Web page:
Wednesday, March 20, 2013

Awesome Easy Elementary Outreach

I'm sometimes asked how I have time to blog about my programming. The way I see it, though, is different:
I have to blog about my programming.

1. I'm a blogger by my very nature. From ages 11 to 23, I wrote in a physical journal every single day. They travel with me as I move because as much as I wouldn't want anyone to feel anything about stuff that happened in the past (I even hate reading them), I just can't bear to throw them out. As soon as I (unceremoniously) stopped, I started writing at a Live Journal address. Looking back, I actually talked about work on it a lot. (But don't you look, reader, because I'm sure it's embarrassing or something. I just posted the link so you believed me).

2. I'm self-reflective about my programming anyway, and it just makes sense to write it down. Without writing it down, my reflection just goes in circles in my head until it spirals. "What could I do better next time?" quickly becomes "Why was I so dumb to think that would work?"; "I need to find something more cognitively appropriate for those kids." quickly becomes "I just can't work with that age group!" I mean, it gets negative and self-defeating, even if I talk about it. There's something in the flow from brain to keyboard that lets me not worry anymore. Maybe it's the act of knowing my thoughts are saved for later. It actually might be that forgoing blogging as a time saver in the past few months added to my stress level. That would make sense.

3. Blogging, in fact, saves time. I've talked before about my belief in writing scripts and how it's worked for me (here, here, and here). Take yesterday, for example: I found myself heading out to do outreach at an elementary school, and all I did was print out pictures!

...Okay, not exactly. But it was WAY easier than it might have been otherwise.



HOW BLOGGING HELPED ME RESTART OUR SCHOOL OUTREACH EFFORTS
Before I got to La Crosse, the team here had been working on a "school-age menu", a list of programs that schools could choose from that we would deliver in person. This was put on the back-burner for other efforts, such as the Library Stars program.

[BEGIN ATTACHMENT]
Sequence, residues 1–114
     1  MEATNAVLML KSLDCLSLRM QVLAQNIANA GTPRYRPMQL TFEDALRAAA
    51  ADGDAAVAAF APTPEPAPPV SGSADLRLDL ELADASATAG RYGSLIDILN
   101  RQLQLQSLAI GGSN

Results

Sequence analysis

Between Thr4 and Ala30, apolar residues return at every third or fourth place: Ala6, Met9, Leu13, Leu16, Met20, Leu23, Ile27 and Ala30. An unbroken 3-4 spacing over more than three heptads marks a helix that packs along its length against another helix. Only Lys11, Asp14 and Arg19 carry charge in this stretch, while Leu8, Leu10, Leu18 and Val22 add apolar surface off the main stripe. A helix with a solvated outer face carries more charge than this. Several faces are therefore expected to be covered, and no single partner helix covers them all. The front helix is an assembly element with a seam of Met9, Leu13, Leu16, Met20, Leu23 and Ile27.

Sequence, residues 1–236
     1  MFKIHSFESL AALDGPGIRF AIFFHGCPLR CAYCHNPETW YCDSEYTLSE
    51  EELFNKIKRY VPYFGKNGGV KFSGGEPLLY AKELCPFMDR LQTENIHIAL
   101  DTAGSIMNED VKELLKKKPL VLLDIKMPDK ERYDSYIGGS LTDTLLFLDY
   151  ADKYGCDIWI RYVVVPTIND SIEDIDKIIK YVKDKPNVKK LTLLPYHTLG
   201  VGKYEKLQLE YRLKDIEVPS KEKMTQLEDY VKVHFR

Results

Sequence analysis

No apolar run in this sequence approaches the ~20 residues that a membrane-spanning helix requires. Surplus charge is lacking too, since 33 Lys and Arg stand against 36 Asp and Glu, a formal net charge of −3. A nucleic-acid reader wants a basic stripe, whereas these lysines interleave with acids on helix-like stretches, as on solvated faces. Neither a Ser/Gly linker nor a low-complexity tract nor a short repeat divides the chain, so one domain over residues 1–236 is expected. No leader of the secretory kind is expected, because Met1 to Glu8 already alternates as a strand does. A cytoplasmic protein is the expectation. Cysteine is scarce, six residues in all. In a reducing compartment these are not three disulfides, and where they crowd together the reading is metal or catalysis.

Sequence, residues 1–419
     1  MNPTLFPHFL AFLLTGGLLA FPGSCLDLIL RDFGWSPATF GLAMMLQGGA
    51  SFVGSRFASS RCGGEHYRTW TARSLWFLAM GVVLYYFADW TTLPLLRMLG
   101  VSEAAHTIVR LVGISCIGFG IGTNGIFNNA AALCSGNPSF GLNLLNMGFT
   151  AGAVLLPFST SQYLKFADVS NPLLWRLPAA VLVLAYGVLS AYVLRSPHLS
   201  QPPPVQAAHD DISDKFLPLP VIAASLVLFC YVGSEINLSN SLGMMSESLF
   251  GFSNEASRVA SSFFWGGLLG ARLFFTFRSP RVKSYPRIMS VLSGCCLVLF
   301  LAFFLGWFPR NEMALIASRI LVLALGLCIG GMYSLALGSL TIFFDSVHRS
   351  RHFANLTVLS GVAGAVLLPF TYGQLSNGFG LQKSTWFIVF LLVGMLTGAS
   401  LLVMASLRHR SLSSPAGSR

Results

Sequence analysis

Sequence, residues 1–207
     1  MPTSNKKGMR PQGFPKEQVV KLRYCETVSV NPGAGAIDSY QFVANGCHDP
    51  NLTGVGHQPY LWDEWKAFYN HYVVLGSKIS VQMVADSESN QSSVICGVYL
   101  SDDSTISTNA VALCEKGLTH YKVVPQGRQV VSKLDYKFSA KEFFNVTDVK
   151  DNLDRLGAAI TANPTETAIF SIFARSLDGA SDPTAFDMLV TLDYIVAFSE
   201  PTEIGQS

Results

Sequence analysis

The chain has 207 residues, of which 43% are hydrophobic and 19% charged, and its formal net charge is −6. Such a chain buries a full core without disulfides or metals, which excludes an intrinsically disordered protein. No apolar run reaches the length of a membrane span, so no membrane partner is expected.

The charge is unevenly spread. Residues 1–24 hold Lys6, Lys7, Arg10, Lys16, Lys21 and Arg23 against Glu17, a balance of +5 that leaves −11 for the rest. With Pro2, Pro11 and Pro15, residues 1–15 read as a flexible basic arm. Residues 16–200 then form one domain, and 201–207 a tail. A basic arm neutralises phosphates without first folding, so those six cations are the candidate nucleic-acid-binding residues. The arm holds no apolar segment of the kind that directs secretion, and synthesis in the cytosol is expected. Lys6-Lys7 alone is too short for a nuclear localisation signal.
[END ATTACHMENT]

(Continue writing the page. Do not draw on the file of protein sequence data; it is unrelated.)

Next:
At a recent Library Stars field trip, I noticed an entire class of second graders were obsessed with the crypto-zoology section in nonfiction. Knowing it was all scripted on my blog, I made the connection in my head to a successful program I did at the library last year. A few days later I decided to pounce on it, emailing my second grade contact at that school to see if they would like me to come and run my Monsterology program. She had just been lamenting the addition of state-wide pacing guides, to the futility of which I am no stranger, so I gave her a few ideas: I could come and do it during a lesson time, and make sure to tie in some standards, or I could come during lunchtime and talk while the kids were eating. Another idea I just had right now would be to offer it as an "off site" after-school program.

She decided to have me in during lunch, and to tie it to behavior: only the 12 best-behaved kids could attend. who had interest. The catch was that if a kid was interested, he/she would have to agree to forfeit their recess to hear me talk.

Do you know how many kids were so interested they would give up recess?
62.
Holy crap.

It was super easy: the day before, I dragged Brooke down to the basement and we looked at all our supplies, thinking of activities (I needed to change them, since I would have extra time). We brought back up with us the robot claws, because of course we did, and we thought up an activity where kids would have to pretend to be Bigfoot on a normal day, picking up dishes and stuffed animals. We also got some felt and other things from our craft closet so they could make their own monsters. The morning of, all we had to do was  print off the pictures linked and the script posted for last year's program, pick some books* and write the names of the books on pieces of paper for the kids to reserve by writing down their names, and head out.

Later that week I got an e-mail from the teacher telling me how awesome we were and to please come back for 12 more kids. Same activities, same facts, I just grabbed some more books* and left out (without Brooke this time, because she had baby story times to rock).

We're scheming now to return to the menu idea, but just offer one type of program at each grade level: "Here's our pre-made program we can do in our sleep this year. Take it or leave it."

 It was literally so easy to do this program because I had already done AND had everything written out. Why re-invent the wheel? Make a script and leave it for later!

If you'd like to try out blogging your program, you're welcome to guest post for me. (Ms. Julia did, and now she describes lots of awesome programming on her blog, Laughter and Literacy! Add that to your Google Reader BEFORE IT'S TOO LATE!!) Send me an e-mail at brycedontplay at gmail dot com and we can get you started.


*For those of you interested in that sort of thing, some of the most-reserved kind-of-related books were: Larf, The Zombie Chasers, Tracking Bigfoot, The Fairy Ring, Bigfoot Boy: Into the Woods, Wonkenstein, and of course, Monsterology.

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